Cheap acrylic paints?
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Cheap acrylic paints?

Posted in Custom Workstation

I'm in a little bit of a dilemma as far as paint. I know Testors model paint is widely accepted for customs, but the only Testors paints I can find are the dreaded enamels. So what about the craft-store acrylics? I've heard they tend to flake off and leave somewhat of a chalky finish, but I've also heard they can work very well if used right. So if I use the craft store acrylics, what should I do to get the best possible paint job?

Posted by harveytwoface999
on Saturday, April 4, 2009
User Comments
somebody1 -
Saturday, April 4, 2009
you probably will get a chalky feeling and look on them. I use them when I want a very pastel style look to something and we use them on our crafts all the time. the problem is streaking and needing a lot of layers. I am going to experiment on a scrap using a testors flat matte finish as I hate gloss. I use spray paint and testors (for details) and it usually goes okay.
Wonder***Woman -
Saturday, April 4, 2009
When I'm in this fix I water the paint down until its nearly a milk consistancy and do lots of coats or the paint will dry VERY uneven. After a few mily coats you can make it less watery, keep using less water with every other coat or so so by the time you finish its almost just paint. If done right you get a very nice smooth finish, almost as good as the high quality. Make sure to seal it with a nice matte finish (or gloss if you prefer super glossy because these craft paints seem to seal a little more glossier than the other model paints) and I'd seal it at least 2 times if not more and even after that I might go over any spots that look a bit inconsistent and then seal it again.
Patraw -
Saturday, April 4, 2009
Putting some acrylic sealer on top of your paint job might help if flaking becomes a problem. I use those cheap acrylics all the time with almost no problems, but very little, if any, of the material I use for my figures is plastic, so you might get different results. On very rare occasions I occasionally see some cracking in the paint, but, I think that has more to do with the environment/temperature than the paint itself, as it's not a consistant thing.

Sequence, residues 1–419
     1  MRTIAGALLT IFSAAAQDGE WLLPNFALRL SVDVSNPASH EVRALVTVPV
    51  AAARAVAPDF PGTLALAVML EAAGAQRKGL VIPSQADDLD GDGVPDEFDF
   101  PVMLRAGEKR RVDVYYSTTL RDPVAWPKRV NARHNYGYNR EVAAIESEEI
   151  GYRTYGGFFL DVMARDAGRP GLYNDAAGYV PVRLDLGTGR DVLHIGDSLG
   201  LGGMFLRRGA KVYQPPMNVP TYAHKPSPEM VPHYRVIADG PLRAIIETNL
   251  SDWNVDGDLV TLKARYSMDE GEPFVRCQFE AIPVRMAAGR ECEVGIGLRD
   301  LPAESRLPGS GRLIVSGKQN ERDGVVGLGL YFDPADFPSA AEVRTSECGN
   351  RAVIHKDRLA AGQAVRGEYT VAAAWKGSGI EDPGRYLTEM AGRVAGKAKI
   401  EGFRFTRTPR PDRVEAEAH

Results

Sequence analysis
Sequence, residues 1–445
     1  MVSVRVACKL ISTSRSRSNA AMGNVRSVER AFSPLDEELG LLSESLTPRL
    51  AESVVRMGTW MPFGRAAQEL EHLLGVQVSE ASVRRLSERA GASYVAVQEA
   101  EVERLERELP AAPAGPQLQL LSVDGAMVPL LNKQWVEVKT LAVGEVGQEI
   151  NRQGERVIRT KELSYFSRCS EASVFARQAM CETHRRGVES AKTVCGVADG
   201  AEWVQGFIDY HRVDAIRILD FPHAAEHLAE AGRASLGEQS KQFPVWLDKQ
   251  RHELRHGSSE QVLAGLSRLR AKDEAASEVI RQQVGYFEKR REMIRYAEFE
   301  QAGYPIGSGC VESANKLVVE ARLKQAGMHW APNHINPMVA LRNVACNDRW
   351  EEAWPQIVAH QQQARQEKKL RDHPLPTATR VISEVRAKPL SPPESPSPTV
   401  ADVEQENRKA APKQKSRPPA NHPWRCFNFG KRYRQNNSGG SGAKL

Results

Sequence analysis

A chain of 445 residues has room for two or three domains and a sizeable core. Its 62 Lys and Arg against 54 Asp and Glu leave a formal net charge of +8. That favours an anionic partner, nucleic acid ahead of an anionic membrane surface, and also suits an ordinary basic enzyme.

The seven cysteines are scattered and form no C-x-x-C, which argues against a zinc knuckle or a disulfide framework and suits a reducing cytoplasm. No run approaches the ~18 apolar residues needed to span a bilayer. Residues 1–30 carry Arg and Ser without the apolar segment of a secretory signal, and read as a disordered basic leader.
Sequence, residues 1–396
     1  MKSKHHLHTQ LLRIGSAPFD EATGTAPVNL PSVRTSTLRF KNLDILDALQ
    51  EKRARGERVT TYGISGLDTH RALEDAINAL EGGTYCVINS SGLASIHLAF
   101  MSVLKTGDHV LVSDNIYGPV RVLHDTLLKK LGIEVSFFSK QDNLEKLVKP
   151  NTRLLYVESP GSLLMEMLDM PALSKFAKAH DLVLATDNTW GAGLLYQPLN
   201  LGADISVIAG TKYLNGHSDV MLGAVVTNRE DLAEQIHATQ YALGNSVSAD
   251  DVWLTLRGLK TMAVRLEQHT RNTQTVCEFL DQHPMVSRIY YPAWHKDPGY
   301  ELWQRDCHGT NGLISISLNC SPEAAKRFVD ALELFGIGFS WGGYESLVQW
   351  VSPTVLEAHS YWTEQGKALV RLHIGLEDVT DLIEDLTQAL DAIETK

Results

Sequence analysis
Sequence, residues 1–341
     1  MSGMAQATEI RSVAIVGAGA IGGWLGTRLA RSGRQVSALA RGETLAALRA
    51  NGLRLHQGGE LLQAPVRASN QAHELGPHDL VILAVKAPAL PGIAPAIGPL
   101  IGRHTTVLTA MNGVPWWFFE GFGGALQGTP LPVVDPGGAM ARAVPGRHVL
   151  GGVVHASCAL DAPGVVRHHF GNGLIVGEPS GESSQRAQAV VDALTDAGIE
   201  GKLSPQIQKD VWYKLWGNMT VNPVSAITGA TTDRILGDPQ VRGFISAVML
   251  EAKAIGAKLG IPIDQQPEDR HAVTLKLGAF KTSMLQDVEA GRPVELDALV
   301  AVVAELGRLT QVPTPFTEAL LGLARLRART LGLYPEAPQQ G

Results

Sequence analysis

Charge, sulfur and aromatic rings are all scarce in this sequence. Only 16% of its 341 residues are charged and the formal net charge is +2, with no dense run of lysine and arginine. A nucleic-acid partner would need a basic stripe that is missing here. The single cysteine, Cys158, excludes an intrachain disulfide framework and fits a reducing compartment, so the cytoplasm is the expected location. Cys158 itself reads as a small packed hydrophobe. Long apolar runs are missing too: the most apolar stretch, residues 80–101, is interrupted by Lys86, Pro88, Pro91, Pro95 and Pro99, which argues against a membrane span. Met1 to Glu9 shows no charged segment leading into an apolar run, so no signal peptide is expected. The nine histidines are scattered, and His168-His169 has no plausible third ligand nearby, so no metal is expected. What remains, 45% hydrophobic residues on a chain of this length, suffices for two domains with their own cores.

The finish does tend to be somewhat chalky on the flat Apple Barrel colors--the gloss ones have a much nicer finish, but it's usually not a good idea to paint a figure entirely in gloss. I've noticed if you handle the gloss paint enough it tends to "tarnish" it (probably the oil in your hands), making it flat.

I'd say apply at least two coats, as the coverage can be poor with some of the colors, particularly silver and yellow. Applying a wash with a gloss color, which gives a smoother finish, might counteract the chalkiness of the flat colors a bit. You might also try mixing some of the cheaper paint with a better one, that might alleviate, or at least lessen, any negative aspects of the cheaper paint. I've had some good results with mixing the gloss and flat ones to get a semi-gloss hybrid.
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